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what skin type do I have?
If you're new to building a skincare routine, where do you start? Knowing your basic skin type can help, especially before delving into more specialized treatments. See below for our handy little guide (plus an easy quiz) to help decipher your skin type. Read on...
The four standard skin types are balanced (normal), dry, oily and combination. Sensitive skin (which we also discuss) is often mistaken for a type even though it's actually a condition. Generally, genetics play a big hand in determining your skin type. With that said, the state of your skin at any point in type can vary according to various factors such as age, climate, treatments etc.
the 5 skincare types
This refers to generally healthy skin is whose pH and sebum production is in equilibrium. The T-zone (forehead, chin and nose) may be a bit oily, but overall, the skin is neither too oily nor too dry. This skin type isn't generally prone to sensitivity either, although it's normal for skin to become dryer with age.
Those lucky enough to have balanced skin enjoy:
Fine, small pores;
Even skin tone;
Good blood circulation;
A strong skin barrier that handles irritants well.
Basically, it's skin goals! To help maintain balanced skin, keep a simple routine. A gentle cleanser always works best. There's no need to use thick creams, but consider a serum for additional antioxidant protection and to protect the quality of your skin through the years. And as always, wear SPF (the sunscreen rule applies to ALL skin types).
Dry skin typically produces less sebum than other skin types, and includes slightly parched to atopic skin. As a result, it lacks the lipids required to retain moisture and build a protective shield against external influences. Those with dry skin tend to have one or more of the following characteristics to varying degrees:
Tightness and pulling, especially after cleansing;
Rough and uneven texture;
Scaling, flaking and itchiness;
Redness and irritation;
Tendency towards chapping and cracking and fine lines.
What should you do: Dry skin requires a hydrating routine to put it back into balance. You should be moisturizing regularly, avoiding harsh ingredients and drinking plenty of water. You may even find a humidifier effective. Check out our range for dry skin dry skinhere. If you have extremely dry to atopic skin, or conditions such as eczemaand dermatitis, we've curated a range of products designed to solve the itching and flaking here.
This skin type has the opposite issue to dry skin: it produces too much sebum! People with oily skin are generally:
More prone to various forms of acne, especially in the T- Zone;
Battling larger, more visible pores;
Bestowed with plumper, shinier skin (the flip side of oily skin).
What you should do: To counteract excessively oily skin, people naturally reach for harsh, drying skincare - particularly if acne is a concern. However, this could be counter-productive as sebum production can go into overdrive to compensate! pH-balancing toners are useful to return your skin back to equilibrium after an acne or oil-targeting cleanser. Exfoliation is beneficial, but keep away from overuse. And as always, moisturize regularly to keep your skin hydrated and to keep it from overproducing sebum. A lightweight, water-based moisturizer is your best bet. Shop all the best products for oily skinhere.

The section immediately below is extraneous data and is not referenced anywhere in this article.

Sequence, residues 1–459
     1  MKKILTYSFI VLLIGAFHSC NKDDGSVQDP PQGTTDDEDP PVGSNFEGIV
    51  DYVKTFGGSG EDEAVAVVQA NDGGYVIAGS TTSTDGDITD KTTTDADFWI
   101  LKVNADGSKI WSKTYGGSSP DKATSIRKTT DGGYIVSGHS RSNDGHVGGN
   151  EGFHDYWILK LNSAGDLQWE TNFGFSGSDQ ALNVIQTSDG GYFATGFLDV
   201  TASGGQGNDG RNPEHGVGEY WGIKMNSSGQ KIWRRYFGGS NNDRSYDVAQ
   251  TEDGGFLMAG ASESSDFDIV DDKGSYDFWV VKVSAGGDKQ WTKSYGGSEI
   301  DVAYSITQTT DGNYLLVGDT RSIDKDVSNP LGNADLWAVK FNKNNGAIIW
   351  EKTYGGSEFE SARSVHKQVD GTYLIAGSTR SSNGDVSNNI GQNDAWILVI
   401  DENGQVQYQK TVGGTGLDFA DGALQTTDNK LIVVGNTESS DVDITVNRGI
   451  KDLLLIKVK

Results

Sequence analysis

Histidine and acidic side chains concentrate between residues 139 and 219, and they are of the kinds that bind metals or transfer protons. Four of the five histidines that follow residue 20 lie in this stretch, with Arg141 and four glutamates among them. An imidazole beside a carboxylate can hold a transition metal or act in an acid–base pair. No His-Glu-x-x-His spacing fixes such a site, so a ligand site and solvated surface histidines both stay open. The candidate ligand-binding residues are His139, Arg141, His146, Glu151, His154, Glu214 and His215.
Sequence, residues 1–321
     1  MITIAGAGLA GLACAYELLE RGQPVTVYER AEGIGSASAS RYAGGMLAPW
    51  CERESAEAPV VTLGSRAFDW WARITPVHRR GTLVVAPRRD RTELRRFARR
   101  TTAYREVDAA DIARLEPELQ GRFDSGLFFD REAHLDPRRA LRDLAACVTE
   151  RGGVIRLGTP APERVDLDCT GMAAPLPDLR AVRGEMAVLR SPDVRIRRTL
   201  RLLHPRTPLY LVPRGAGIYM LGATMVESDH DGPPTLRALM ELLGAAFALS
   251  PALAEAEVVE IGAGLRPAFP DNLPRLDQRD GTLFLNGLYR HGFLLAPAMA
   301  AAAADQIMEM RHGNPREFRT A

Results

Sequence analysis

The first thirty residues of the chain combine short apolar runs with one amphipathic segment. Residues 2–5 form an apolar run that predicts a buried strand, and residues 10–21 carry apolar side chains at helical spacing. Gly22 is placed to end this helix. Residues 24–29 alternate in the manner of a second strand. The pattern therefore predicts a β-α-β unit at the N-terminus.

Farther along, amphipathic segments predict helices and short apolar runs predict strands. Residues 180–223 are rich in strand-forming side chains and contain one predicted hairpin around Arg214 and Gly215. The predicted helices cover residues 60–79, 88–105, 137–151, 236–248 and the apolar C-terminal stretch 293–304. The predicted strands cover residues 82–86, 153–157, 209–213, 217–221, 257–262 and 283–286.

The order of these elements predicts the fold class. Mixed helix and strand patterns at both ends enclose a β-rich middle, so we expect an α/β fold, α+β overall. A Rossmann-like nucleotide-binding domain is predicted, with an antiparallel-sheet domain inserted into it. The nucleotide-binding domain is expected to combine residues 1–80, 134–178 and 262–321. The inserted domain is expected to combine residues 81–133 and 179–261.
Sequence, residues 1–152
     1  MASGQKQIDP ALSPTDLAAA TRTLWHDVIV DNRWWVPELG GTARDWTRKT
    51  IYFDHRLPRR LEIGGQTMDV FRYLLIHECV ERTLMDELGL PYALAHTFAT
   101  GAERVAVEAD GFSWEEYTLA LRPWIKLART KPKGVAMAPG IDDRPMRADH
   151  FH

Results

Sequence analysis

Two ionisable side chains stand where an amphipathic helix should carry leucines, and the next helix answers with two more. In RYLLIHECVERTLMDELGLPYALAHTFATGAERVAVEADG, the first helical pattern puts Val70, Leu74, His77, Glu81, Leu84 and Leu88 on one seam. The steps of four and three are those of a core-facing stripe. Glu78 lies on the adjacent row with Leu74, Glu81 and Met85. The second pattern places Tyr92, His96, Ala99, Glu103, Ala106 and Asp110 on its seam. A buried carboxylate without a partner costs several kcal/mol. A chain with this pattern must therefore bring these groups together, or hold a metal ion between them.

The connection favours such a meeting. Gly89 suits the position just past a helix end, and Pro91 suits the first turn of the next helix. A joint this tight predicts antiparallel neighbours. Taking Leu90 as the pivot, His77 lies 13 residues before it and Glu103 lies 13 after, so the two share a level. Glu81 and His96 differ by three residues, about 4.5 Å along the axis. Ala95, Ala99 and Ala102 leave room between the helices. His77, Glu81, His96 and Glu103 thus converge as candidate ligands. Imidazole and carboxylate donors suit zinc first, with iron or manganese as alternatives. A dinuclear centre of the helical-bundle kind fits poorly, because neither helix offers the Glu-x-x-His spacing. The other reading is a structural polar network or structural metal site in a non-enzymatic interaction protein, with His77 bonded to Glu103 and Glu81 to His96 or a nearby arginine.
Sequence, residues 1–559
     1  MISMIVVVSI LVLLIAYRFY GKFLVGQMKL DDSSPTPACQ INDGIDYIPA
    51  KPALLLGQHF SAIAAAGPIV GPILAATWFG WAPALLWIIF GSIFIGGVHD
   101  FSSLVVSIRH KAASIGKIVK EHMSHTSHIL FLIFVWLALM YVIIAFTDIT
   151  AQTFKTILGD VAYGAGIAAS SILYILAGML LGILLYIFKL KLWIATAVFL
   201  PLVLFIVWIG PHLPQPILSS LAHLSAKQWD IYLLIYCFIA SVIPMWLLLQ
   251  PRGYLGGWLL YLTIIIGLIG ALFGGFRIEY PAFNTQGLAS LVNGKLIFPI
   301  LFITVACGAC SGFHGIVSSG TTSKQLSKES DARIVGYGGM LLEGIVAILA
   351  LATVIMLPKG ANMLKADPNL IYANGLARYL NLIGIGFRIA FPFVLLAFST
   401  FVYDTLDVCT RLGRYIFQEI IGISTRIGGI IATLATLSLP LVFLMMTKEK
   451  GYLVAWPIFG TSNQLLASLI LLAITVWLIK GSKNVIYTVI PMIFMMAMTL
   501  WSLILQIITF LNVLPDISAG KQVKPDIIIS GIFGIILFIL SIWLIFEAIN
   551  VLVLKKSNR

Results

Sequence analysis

Combination skin is, as the name suggests, skin that has both oily and dry patches. Generally, the T-Zone is oily while the cheeks tend to be dry. Combination skin is usually prone to:
Acne and congestion on the T-Zone;
Mouth, eyes, and cheeks may have dry or normal skin
Enlarged pores around chin, nose and forehead
Dry skin around the eyes, upper lip and cheeks.
What you should do: If you have combination skin, you may need to segment your skin care, by using more emollient products on the dry areas, while treating the oily areas with lightweight and sebum-absorbing product. This is where layering skincare comes in handy. There's also a range of products designed for combination skin - we've gathered it in the one spot for you here.
If you have sensitive skin, you could experience burning, itching, sore and red skin that may also feel quite rough to the touch. Other signs include:
Poor reaction to products, including itchiness and blotches;
Stinging, flushing and dryness;
Heated skin; and
The best way of caring for sensitive skin is to be gentle and patient. Focus on rebuilding your skin barrier, and avoid anything that might be potentially irritating such as fragrances, drying alcohols, dyes and chemicals. Conducting a patch test is mandatory if you want to avoid your skin from reacting. Keep the routine simple, by using a mild cleanser, moisturiser and sunscreen. You can browse our recommended products for a compromised skin barrier here, for rosacea here or more generally, sensitive skin products here.
So how do we know if we're still not sure? And when's the best time to check?
Take the sage advice of 'The Korean Skincare Bible' by Lilin Yang, Leah Ganse and Sara Jimenez. Wash your face as per usual. When you're done, do not apply any products onto your face, wait for about an hour and let your skin settle naturally. Check again in the mirror and examine your skin. Shiny or greasy skin points to oily skin. If that is concentrated only in the T-Zone, it's most likely combination. If your skin feels uncomfortably tight and dry, then you most likely have dry (or dehydrated) skin.